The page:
Receiving a prestigious human rights prize, an Iraqi lawmaker, who gained international attention for her oppressed Yazidi religious minority, decried the Trump administration’s “unfair” executive order on immigration.
Sapped by three weeks of a water-only diet, three activists for immigration reform ended their fasts Tuesday with a morsel of bread blessed by a priest and “passed the fast on” to others who hope to keep attention focused on the issue.
“You have truly put your faith in action,” said retired Washington Archbishop Theodore McCarrick, one in a small crowd of political and clerical dignitaries who came to the National Mall to praise those who have gone without food in a bid to pressure Republican House leaders to pass an immigration reform bill.
Also seated alongside the quiet and wan fasters: House Minority Leader Nancy Pelosi; the Rev. Bernice King, the daughter of the Rev. Martin Luther King Jr.; Secretary of Labor Tom Perez; Rep. John Lewis, D-Ga.; and the Rev. Al Sharpton.
In recent weeks, the fasters have attracted high-profile visitors, including President Obama, first lady Michelle Obama, and Vice President Joe Biden, to the heated tents where the fasters have been living on the National Mall.
The “Nuns on the Bus” are back from their 6,800-mile trek across the U.S., but their hardest job may be yet to come: convincing the Republican-led House to pass immigration reform.
The cross-country tour, a project of Network, a Catholic social justice lobby, was the nuns’ second cross-country trip after last year’s push to protest proposed budget cuts that the sisters said would hurt the poor.
When it comes to lobbying for comprehensive immigration reform, Sister Simone Campbell said even the Catholic bishops are on board with the Nuns on the Bus.
As the House debates a bill to limit abortion, Republicans are reopening a subject that cost them dearly in 2012 and continues to present perils for the party’s attempt to appeal to women voters.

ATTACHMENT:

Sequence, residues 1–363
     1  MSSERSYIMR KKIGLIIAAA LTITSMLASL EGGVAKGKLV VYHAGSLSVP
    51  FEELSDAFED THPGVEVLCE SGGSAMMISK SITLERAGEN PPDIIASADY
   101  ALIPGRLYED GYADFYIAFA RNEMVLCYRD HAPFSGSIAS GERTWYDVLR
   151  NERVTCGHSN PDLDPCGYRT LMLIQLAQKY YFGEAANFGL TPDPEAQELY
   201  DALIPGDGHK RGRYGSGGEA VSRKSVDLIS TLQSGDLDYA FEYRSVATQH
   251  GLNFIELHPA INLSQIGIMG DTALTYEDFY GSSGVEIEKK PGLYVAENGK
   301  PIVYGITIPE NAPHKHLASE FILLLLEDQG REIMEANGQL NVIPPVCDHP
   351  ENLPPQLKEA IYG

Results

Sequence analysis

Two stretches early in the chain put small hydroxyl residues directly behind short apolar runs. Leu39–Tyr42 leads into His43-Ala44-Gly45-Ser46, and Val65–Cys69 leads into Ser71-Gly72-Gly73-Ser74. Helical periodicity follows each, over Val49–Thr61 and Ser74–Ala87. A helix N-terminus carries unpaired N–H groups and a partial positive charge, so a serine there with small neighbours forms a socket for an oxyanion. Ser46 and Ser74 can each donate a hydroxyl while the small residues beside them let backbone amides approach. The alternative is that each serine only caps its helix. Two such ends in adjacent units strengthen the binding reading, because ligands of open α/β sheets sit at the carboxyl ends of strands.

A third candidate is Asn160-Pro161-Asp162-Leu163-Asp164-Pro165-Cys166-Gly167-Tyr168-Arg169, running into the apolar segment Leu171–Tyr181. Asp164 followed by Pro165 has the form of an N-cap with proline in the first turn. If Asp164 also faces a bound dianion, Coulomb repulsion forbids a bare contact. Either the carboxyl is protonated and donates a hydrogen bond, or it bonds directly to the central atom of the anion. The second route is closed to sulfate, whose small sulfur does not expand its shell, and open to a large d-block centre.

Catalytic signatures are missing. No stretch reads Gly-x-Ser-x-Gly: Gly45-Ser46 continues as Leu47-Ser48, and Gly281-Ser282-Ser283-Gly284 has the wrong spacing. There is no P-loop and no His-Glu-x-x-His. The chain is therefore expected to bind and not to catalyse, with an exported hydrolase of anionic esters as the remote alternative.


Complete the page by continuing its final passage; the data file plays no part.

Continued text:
Even before the full House took up the bill Tuesday to ban abortion after 20 weeks of pregnancy, Republicans had a sharp reminder of how sensitive the issue can be when Rep. Trent Franks, R-Ariz., appeared to say that rape rarely results in pregnancy.
“The incidence of rape resulting in pregnancy [is] very low,” Franks said at a June 12 committee hearing on the bill. Franks later said he meant that third-trimester abortions of pregnancies caused by rape are rare.
WASHINGTON — The Ahmadiyya Muslim Community is persecuted around the world, but it has plenty of friends on Capitol Hill.
House Minority Leader Nancy Pelosi, D-Calif., joined more than 20 House colleagues and at least one senator on June 27 at a reception to mark the first visit of the Ahmadiyya’s spiritual leader, Hadhrat Mirza Masroor Ahmad, to Congress.
The Ahmadiyya have faced severe repression, Pelosi said, “but you refused to turn to bitterness or vengeance.”
“The message we carry is 'if you are being hurt, do not respond with hurt,'" said Ahsanullah Zafar, president of the Ahmadiyya community in the U.S.
The debate we have just witnessed has shown Washington, D.C. not just to be broken, but corrupt. The American people are disgusted watching politicians play political chicken with the nation's economy and future. In such a bitter and unprincipled atmosphere, whoever has the political clout to enforce their self-interest and retain their privileges wins the battles. But there are two casualties in such political warfare: the common good and the most vulnerable.
So how will vulnerable people fair under this deal? "The Circle of Protection," a diverse nonpartisan movement of Christian leaders, has been deeply engaged in the budget debate to uphold the principle that low-income people should be protected. But it is hard to evaluate a deal that averts a crisis when the crisis wasn't necessary in the first place. Over the past few weeks, our economy has indeed been held hostage as politicians negotiated the price of the release. Ultimately, I think most of us wish that no hostages had been taken in the first place, and this was no way to run a government or make important budget decisions.
The midterm election season is upon us, the first since the Supreme Court's January 21 ruling that allows corporations to spend as much as they wish on political advertising -- as long as they disclose their involvement.
It's that time of year again -- you know, when Clint Eastwood releases a trailer for a movie that looks fascinating and completely different from the last thing he did, and your trio of reactions run something like this: 1) Hmmm, Clint's got a movie coming out -- didn't we just see 'Gran Torino' five minutes ago?